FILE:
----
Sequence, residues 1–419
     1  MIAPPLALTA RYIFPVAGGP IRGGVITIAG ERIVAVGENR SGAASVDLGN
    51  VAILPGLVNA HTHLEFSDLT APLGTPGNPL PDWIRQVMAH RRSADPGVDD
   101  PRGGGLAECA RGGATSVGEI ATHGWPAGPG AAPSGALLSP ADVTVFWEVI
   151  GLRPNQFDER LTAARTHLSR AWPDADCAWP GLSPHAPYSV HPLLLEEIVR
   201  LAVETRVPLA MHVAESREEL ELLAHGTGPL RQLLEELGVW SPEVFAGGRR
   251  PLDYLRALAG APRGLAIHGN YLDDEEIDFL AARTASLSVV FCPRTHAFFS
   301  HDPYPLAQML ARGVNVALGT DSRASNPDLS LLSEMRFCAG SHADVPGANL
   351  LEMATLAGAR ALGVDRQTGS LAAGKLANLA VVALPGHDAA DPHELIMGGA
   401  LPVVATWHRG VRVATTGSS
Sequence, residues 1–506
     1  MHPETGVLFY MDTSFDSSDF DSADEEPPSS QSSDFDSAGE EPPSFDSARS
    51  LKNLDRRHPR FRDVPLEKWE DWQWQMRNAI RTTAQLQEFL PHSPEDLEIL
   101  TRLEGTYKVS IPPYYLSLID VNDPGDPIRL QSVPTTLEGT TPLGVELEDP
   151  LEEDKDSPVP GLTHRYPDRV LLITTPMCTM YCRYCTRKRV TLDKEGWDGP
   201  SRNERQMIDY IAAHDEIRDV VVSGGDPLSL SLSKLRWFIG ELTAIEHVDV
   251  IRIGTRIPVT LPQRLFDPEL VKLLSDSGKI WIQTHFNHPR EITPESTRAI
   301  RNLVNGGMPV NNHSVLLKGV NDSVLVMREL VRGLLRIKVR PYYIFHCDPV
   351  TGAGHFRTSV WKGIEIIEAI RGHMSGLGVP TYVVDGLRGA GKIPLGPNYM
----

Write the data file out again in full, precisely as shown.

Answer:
Sequence, residues 1–419
     1  MIAPPLALTA RYIFPVAGGP IRGGVITIAG ERIVAVGENR SGAASVDLGN
    51  VAILPGLVNA HTHLEFSDLT APLGTPGNPL PDWIRQVMAH RRSADPGVDD
   101  PRGGGLAECA RGGATSVGEI ATHGWPAGPG AAPSGALLSP ADVTVFWEVI
   151  GLRPNQFDER LTAARTHLSR AWPDADCAWP GLSPHAPYSV HPLLLEEIVR
   201  LAVETRVPLA MHVAESREEL ELLAHGTGPL RQLLEELGVW SPEVFAGGRR
   251  PLDYLRALAG APRGLAIHGN YLDDEEIDFL AARTASLSVV FCPRTHAFFS
   301  HDPYPLAQML ARGVNVALGT DSRASNPDLS LLSEMRFCAG SHADVPGANL
   351  LEMATLAGAR ALGVDRQTGS LAAGKLANLA VVALPGHDAA DPHELIMGGA
   401  LPVVATWHRG VRVATTGSS
Sequence, residues 1–506
     1  MHPETGVLFY MDTSFDSSDF DSADEEPPSS QSSDFDSAGE EPPSFDSARS
    51  LKNLDRRHPR FRDVPLEKWE DWQWQMRNAI RTTAQLQEFL PHSPEDLEIL
   101  TRLEGTYKVS IPPYYLSLID VNDPGDPIRL QSVPTTLEGT TPLGVELEDP
   151  LEEDKDSPVP GLTHRYPDRV LLITTPMCTM YCRYCTRKRV TLDKEGWDGP
   201  SRNERQMIDY IAAHDEIRDV VVSGGDPLSL SLSKLRWFIG ELTAIEHVDV
   251  IRIGTRIPVT LPQRLFDPEL VKLLSDSGKI WIQTHFNHPR EITPESTRAI
   301  RNLVNGGMPV NNHSVLLKGV NDSVLVMREL VRGLLRIKVR PYYIFHCDPV
   351  TGAGHFRTSV WKGIEIIEAI RGHMSGLGVP TYVVDGLRGA GKIPLGPNYM